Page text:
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Certain medications can lower some women’s risk of breast cancer

By Reuters - Sep 08,2019 - Last updated at Sep 08,2019

NEW YORK — Women with a high risk of developing breast cancer can lower that risk by taking certain medications, according to updated recommendations from the US Preventive Services Task Force (USPSTF). 

“The Task Force encourages women to talk about the benefits and harms of medication with their clinicians so they can make the best choice for themselves, based on their personal values and preferences,” USPSTF Task Force member Dr Michael Barry from Harvard Medical School in Boston, told Reuters Health by e-mail. 

Drawing on findings in more than 5 million women who participated in 46 studies, USPSTF issued two main recommendations in its 2019 updated statement. 

First, women with no personal history of breast cancer but at a high risk for developing it should consider taking medications to reduce their risk of breast cancer, especially if they have a low risk of developing unwanted side effects.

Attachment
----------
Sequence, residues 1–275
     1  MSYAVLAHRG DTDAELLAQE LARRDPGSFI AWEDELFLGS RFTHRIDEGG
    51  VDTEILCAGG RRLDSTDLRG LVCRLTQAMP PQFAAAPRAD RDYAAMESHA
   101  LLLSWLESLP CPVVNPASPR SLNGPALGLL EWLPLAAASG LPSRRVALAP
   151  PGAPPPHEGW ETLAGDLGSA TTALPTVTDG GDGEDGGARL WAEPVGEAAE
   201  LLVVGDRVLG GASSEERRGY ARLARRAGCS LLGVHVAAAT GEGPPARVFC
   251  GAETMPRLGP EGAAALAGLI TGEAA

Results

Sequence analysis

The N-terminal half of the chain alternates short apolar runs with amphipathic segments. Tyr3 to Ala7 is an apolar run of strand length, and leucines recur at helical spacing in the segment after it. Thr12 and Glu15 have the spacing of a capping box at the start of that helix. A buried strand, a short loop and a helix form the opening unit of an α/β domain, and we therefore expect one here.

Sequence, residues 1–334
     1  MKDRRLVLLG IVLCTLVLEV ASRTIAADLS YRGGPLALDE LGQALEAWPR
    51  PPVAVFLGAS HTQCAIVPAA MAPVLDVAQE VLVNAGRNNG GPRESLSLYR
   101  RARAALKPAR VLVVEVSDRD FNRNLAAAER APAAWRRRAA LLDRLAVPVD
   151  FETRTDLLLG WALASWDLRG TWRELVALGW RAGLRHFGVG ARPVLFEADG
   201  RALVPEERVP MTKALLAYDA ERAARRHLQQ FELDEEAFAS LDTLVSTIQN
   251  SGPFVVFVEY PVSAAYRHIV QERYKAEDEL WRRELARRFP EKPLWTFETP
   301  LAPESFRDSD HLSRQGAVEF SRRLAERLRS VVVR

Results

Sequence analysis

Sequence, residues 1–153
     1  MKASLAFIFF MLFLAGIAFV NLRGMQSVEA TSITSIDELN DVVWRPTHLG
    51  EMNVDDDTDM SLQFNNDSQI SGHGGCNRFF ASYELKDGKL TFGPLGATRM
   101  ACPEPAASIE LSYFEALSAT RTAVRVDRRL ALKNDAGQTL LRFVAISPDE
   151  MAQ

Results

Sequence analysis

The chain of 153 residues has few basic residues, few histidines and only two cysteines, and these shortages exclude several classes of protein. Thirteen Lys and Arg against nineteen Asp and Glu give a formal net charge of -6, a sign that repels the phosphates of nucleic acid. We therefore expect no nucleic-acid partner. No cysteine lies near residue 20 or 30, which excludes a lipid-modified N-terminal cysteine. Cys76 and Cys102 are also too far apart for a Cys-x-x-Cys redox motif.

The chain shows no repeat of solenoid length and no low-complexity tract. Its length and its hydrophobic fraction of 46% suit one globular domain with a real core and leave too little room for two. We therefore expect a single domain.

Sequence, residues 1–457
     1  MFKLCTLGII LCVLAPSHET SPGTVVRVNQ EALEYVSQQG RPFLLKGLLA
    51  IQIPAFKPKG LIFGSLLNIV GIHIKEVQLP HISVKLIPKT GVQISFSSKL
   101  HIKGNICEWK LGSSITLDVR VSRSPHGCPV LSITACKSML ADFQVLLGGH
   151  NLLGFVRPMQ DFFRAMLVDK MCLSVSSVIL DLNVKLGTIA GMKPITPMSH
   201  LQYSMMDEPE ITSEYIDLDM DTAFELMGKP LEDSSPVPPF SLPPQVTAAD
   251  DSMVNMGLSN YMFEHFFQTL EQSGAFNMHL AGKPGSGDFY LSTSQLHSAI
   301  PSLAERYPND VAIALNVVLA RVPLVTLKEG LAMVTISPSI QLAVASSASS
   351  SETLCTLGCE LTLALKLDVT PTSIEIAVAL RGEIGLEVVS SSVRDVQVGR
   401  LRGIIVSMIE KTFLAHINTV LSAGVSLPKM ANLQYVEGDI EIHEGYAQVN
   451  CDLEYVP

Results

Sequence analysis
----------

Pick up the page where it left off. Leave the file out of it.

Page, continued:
Second, the USPSTF recommends against using such medications for women who don’t have an increased risk of breast cancer (including women younger than 60 years with no additional risk factors for breast cancer), because the likelihood of side effects from the medications (like blood clots, endometrial cancer, and cataracts) probably outweighs the potential breast cancer prevention benefit. 

The previous recommendation, in 2013, included tamoxifen and raloxifene as risk-reducing medications. The 2019 update includes those and adds a class of medications called aromatase inhibitors (including exemestane and anastrozole) to that list. They note, however, that aromatase inhibitors are not currently approved by the US Food and Drug Administration (FDA) for reducing the risk of breast cancer. 

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